Illusory Arbitration Clause Voids Employee’s Duty to Submit Employment Dispute to Binding Arbitration

Date: May 4, 2004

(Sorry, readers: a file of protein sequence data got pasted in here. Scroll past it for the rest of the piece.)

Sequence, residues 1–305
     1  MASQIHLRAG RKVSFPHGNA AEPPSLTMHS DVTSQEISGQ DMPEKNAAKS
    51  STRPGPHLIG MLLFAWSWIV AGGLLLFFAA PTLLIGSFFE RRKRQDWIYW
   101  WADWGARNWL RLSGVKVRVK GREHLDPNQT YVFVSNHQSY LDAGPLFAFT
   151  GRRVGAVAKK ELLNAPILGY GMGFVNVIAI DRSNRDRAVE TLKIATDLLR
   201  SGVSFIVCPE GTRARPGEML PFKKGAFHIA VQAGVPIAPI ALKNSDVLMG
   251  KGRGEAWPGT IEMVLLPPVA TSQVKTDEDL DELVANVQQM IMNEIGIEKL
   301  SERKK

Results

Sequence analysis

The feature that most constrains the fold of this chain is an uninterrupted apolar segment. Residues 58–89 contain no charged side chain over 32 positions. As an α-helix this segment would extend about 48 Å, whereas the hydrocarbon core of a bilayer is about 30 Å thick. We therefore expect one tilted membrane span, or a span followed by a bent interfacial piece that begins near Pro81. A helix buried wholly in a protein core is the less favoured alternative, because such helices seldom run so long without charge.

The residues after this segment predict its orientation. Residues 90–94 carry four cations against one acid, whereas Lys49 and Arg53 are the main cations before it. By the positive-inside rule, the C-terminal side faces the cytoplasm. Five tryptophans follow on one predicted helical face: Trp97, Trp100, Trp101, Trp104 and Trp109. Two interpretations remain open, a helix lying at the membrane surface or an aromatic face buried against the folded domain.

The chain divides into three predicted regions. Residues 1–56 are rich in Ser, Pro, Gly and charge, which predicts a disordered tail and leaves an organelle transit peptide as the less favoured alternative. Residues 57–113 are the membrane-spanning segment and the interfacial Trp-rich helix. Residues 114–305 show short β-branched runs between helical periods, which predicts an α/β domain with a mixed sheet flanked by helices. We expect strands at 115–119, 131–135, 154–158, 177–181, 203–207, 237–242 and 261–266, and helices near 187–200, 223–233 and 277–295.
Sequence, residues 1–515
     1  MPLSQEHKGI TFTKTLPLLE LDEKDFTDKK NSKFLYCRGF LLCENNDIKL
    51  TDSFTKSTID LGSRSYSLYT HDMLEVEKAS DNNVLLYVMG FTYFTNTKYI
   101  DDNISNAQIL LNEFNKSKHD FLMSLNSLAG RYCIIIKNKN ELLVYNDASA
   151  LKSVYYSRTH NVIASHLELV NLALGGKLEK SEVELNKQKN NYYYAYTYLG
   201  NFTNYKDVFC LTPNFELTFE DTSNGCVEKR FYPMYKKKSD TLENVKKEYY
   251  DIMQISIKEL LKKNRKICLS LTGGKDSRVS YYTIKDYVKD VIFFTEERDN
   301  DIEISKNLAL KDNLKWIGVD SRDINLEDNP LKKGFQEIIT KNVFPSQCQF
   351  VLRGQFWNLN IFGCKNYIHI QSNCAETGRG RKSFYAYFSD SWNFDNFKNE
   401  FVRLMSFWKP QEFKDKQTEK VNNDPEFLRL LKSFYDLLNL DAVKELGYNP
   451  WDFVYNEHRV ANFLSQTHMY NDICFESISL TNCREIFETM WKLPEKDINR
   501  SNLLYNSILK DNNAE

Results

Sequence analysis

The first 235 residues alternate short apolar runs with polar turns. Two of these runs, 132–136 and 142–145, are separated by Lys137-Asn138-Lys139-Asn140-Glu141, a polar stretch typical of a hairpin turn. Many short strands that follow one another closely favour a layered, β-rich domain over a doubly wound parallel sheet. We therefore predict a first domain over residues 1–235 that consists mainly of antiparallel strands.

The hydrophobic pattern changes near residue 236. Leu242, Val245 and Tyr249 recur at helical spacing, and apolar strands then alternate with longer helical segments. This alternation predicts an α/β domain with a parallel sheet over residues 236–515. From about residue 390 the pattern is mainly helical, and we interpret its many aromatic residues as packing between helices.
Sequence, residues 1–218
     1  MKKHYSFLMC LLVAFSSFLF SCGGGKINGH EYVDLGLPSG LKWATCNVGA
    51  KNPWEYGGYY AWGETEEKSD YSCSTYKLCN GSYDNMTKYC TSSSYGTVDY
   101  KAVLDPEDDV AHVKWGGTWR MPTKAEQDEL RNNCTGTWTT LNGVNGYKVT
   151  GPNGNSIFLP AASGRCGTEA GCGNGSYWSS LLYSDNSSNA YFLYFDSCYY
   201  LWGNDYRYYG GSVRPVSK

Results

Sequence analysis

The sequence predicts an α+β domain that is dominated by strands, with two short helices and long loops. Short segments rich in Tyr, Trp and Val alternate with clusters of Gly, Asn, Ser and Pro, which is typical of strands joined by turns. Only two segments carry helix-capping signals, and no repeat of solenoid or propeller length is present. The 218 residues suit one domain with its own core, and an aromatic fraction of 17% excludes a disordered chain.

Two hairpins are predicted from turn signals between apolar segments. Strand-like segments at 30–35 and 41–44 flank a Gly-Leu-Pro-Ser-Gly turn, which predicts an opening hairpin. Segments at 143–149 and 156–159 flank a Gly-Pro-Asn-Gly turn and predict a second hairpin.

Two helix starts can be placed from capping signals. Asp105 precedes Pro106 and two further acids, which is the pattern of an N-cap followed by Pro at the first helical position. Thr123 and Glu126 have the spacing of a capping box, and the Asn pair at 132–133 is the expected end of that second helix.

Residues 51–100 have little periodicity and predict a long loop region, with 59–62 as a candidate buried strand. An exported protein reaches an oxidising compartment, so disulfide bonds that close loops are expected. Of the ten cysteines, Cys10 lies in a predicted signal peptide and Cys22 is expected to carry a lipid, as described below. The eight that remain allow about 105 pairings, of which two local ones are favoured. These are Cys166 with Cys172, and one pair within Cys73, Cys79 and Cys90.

In November 2000, United Healthcare of the Mid-Atlantic, Inc., offered Ronnie Cheek a position as senior sales executive, conditioned on his acceptance of United’s “Employment Arbitration Policy.” Cheek received a handbook summarizing the policy, which provides that arbitration is the “final, exclusive and required forum for the resolution of all employment related disputes which are based on a legal claim.” The policy also reserved to United the sole and absolute discretion to alter, amend or revoke the policy. After his employment was terminated in August 2001, Cheek filed suit in the Circuit Court for Baltimore City, seeking damages for breach of contract, negligent misrepresentations, and violations of various sections of Maryland’s Labor and Employment article. United filed a Motion to Dismiss and/or Compel Arbitration, which was granted by the circuit court in May 2002. After Cheek appealed to the Court of Special Appeals, Maryland’s highest court, the Court of Appeals, took over the case on its own motion – to decide the sole question of whether a valid and enforceable agreement existed to submit the dispute to arbitration. According to the Court, an agreement to submit employment-related disputes to arbitration is unenforceable where the employer reserves the right to alter, amend, revoke or modify the agreement at any time, without notice. Though the employment contract was valid as a whole, the court found the arbitration agreement failed for lack of consideration. “We disagree with cases from other jurisdictions that determine that the consideration for an underlying contract also can serve as consideration for an arbitration agreement within the contract,” Judge Lynne A. Battaglia wrote for the majority. “The plain and unambiguous language of the clause appears to allow United to revoke the Employment Arbitration Policy even after arbitration is invoked, and even after a decision is rendered, because United can ‘revoke’ the Policy at any time,” Battaglia noted. “United’s ‘promise’ to arbitrate employment disputes is entirely illusory, and therefore, no real promise at all.” The decision, according to the lone dissenting judge, Glenn T. Harrell, Jr., places Maryland “in the company of the decidedly minority view” among jurisdictions deciding similar cases. While Courts often favor the arbitration of employment disputes over protracted litigation within the judicial system, such agreements requiring arbitration must be carefully worded, especially from the employee’s perspective, in order to pass judicial review. Certainly, a clause such as the one at issue herein is to be totally avoided if an employer has any hope of seeing its arbitration agreement survive.